Chicago has always been a city of marvels: the 1893 Columbian Exposition, the daring architecture of Louis Sullivan and Frank Lloyd Wright, public sculpture from Picasso to The Bean, pizza with a backbone and hot dogs run through the garden. It stands to reason that a city this ambitious and sprawling needs not one but two* tiki bars within city limits. Being a casual tiki connoisseur, I thought it only proper to visit both in the space of one weekend.
Just off the Blue Line Logan Square stop sits Lost Lake, a charming tiki den tucked behind a a windowed storefront. The banana leaf awning and tiny neon sign whispering “tiki” give the game away; once inside, more banana leaves, bamboo, wicker, and an impressively stocked bar make it very clear you’re in the right place.
Though the vibe is low-key and mom-and-pop-esque, there’s nothing slapdash about any element of the Lost Lake experience. Riotously garnished cocktails showcase the extensive stock behind that warm wooden bar: mostly modern interpretations of traditional tiki drinks, with a few gently tweaked classics like the Fogcutter and the Beachcomber, as well as an ever-changing Daily Daiquiri.
Unlike many tiki palaces, which cut off the outside world for a moody, all-enclosed fantasy environment, if you arrive soon after Lost Lake opens at 4:00 pm, you’ll catch a few rays of sunlight through the netted orbs dangling and partially obscuring the front window. Arriving early is a good idea for a few reasons: one, because no reservations are accepted and the airy but cozy space can fill up quickly as the night goes on.
And two: because focus here is drinks only, with only a few chips and snacks on offer, you will probably want something more significant to soak up some of the effects of your potent sips. Though you can order delivery from the neighboring Chinese spot, my recommendation would be to walk down to Lost Lake’s sibling restaurant, Longman & Eagle, for beef fat fries at the bar.
[Editor’s Note: Excellent development: as of August 2016, Lost Lake now serves a full food menu featuring banh mi, dumplings, rice and noodle bowls, and more!]
Three Dots and a Dash
For the opposite experience, head down to the River North neighborhood for a full-on dose of tiki glamour at Three Dots and a Dash. (Fun fact: acclaimed cocktail guru Paul McGee is the the co-founder of both spots; he departed Three Dots to open Lost Lake.) Three Dots is the opposite of a casual neighborhood tiki bar: from your first steps past the glowing blue skull wall to its cavernous subterranean rooms, you’ll know to recalibrate your mindset and immerse yourself in the moment.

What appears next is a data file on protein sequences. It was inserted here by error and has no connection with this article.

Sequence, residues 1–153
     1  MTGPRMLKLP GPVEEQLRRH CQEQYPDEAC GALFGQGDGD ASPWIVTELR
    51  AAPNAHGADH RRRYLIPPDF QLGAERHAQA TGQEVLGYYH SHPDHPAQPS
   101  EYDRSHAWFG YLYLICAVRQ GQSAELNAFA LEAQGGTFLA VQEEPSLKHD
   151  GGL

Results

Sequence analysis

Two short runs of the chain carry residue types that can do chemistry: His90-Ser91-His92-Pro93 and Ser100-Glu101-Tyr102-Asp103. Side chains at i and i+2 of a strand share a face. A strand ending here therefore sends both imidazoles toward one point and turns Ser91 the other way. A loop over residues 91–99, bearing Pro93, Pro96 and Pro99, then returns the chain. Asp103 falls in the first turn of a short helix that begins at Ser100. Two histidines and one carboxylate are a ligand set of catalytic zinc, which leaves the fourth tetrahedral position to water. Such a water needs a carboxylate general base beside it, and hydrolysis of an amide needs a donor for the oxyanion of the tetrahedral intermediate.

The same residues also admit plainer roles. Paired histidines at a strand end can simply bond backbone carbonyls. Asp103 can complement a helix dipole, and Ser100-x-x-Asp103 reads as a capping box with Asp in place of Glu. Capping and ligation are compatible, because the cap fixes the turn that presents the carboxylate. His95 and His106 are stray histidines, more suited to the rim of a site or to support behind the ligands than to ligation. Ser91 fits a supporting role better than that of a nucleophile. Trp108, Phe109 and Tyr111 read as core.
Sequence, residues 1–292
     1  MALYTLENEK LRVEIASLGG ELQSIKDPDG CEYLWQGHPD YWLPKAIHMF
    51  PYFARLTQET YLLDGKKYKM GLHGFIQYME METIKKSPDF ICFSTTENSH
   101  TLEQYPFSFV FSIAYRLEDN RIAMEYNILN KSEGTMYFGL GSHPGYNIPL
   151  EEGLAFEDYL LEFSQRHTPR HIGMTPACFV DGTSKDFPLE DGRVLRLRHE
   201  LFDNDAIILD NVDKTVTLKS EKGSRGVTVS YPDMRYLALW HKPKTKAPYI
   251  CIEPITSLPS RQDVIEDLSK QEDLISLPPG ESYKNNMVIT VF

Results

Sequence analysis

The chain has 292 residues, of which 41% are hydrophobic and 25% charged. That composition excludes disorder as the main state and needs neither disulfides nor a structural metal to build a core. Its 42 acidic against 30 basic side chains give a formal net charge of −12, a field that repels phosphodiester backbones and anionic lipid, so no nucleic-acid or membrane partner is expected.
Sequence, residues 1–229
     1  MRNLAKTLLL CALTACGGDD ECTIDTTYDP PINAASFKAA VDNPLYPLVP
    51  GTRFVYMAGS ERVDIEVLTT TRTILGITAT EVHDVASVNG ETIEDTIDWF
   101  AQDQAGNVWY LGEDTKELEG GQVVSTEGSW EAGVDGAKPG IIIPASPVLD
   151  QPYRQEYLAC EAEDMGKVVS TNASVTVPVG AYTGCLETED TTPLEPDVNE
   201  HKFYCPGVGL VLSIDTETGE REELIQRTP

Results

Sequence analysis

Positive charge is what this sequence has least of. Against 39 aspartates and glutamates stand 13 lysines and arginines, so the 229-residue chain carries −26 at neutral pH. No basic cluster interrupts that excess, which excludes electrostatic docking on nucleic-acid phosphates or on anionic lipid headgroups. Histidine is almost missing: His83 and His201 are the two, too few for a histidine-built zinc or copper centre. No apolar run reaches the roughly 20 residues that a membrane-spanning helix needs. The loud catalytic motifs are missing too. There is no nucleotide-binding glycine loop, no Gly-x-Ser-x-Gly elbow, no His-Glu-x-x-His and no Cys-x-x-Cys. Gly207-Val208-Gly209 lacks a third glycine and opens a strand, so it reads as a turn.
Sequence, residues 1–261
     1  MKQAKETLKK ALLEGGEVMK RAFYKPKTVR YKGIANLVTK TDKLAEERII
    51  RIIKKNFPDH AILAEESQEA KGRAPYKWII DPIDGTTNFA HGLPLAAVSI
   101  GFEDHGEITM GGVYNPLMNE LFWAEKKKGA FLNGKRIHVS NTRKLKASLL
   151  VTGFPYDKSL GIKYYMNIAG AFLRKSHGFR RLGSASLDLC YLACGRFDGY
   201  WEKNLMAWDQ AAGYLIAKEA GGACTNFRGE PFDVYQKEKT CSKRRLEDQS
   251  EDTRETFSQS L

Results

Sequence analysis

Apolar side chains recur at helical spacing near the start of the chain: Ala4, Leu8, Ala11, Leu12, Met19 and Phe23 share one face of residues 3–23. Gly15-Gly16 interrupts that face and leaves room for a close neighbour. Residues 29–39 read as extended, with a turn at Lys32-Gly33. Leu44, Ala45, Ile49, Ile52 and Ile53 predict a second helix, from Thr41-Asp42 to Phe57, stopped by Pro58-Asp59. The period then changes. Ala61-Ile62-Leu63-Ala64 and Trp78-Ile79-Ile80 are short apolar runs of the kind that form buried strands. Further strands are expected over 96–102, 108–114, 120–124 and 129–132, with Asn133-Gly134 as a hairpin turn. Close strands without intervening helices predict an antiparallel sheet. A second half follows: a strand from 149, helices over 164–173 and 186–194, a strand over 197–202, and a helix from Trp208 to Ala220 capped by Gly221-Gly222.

The faux speakeasy entrance is much more well-marked than it used to be when Three Dots first opened, but it’s still a little sneaky. Though the bar’s address says it’s on Clark, enter via the alley on Hubbard, next to Firecakes Donuts. (Take note of Firecakes, because you’ll probably need a donut the next morning after your tiki adventures. But that’s for another post.) If you’re arriving late enough, you’ll see the blue lights bouncing off the stone buildings, and there will probably be a line and definitely a bouncer.
If you’ve made a reservation (which I recommend doing), you’ll be whisked through the dramatically low-ceilinged, neon-tinged dining room to a round banquette. Here, too, you’ll find both traditional tiki cocktails and original concoctions on the menu—the multi-page binder calls back to the days of high tiki, with colorful illustrations and midcentury flair. You’ll also get a full taste of the Polynesian Pop aesthetic via the retro-inspired food options, including a full-on pu pu platter. (Do it. You should really do it.)
If you’re a fan of the Disney-ish oversaturated, heightened sense of reality that comes with the tiki experience, you’ll dig everything about Three Dots and a Dash. If you yearn for rustic island escapism and the breezy vibe of a hideaway spot, you’ll feel right at home at Lost Lake.
Me? I love both in equal measure, and would never think about choosing one Chicago tiki bar over the other. The city is big enough for both of them.
*This, of course, doesn’t include the two long-standing suburban spots of tiki lore, Chef Shangri La and Hala Kahiki. Those I have yet to visit, so look for a followup post in 2018.